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Food-Producing Animals

Success stories

The animal health industry plays a key role in livestock protection as a provider of tools to help prevent, control and manage animal diseases affecting Europe’s farming community. Thanks to these tools (vaccines and medicines) Europe has been successful in managing animal diseases such as salmonella, bluetongue or foot and mouth disease which just years ago posed serious threats to animal health, food safety and public health.

The industry remains acutely aware of future critical challenges however and strives to continue developing advanced solutions that protect both animal and human health. Below you will find links to a number of fact sheets outlining some of the successes experienced thanks to animal health products.


Coccidiosis in poultry.

Coccidiosis, a common parasitic disease occuring in the digestive tract which is characterised by intestinal problems and diarrhoea, along with reduced digestion by the affected birds. Animal health products prevent and reduce symptoms of the disease, which contribute to the animals' welfare as well as ensure safe poultry products and their cost-effective production.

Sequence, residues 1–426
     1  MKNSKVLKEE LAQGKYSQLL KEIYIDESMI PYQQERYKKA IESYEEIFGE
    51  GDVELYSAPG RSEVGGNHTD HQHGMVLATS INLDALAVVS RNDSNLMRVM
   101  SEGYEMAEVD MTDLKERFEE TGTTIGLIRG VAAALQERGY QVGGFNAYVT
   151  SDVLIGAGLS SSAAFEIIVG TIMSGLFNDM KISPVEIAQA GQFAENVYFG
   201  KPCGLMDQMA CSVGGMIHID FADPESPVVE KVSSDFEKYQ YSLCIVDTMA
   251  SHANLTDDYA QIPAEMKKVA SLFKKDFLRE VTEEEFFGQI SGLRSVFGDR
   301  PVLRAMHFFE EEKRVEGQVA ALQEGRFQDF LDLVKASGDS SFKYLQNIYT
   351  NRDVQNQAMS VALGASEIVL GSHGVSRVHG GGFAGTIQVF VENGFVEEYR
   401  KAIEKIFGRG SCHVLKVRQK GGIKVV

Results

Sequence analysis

Download Factsheet Coccidiosis in poultry


Coccidiosis is caused by small, protozal parasites also known as coccidia, from the genus Eimeria. Part of the lifecycle is an oocyst (or an egg) which as the ability to persist in the animal's environment. In all farming conditions, be it free range or barn production, it is impossible to have an environment free of coccidia. Some oocysts will remain between two batches of birds, are carried by new birds in their intestines or on their feet, or by people and equipment. Since chickens are born without immunity against coccidiosis, protection is needed from the moment the chicks hatch.

Animal Health/Welfare impact

The animal health impact of coccidiosis is significant. When the animals are sick they can produce liquid faeces with musus and blood. The severity of the infestation is often complicated by the presence of secondary bacterial infections. In chickens and, less frequently, in turkeys, death rates can go up to 12-15% and disease levels can go up to 100% during severe outbreaks.

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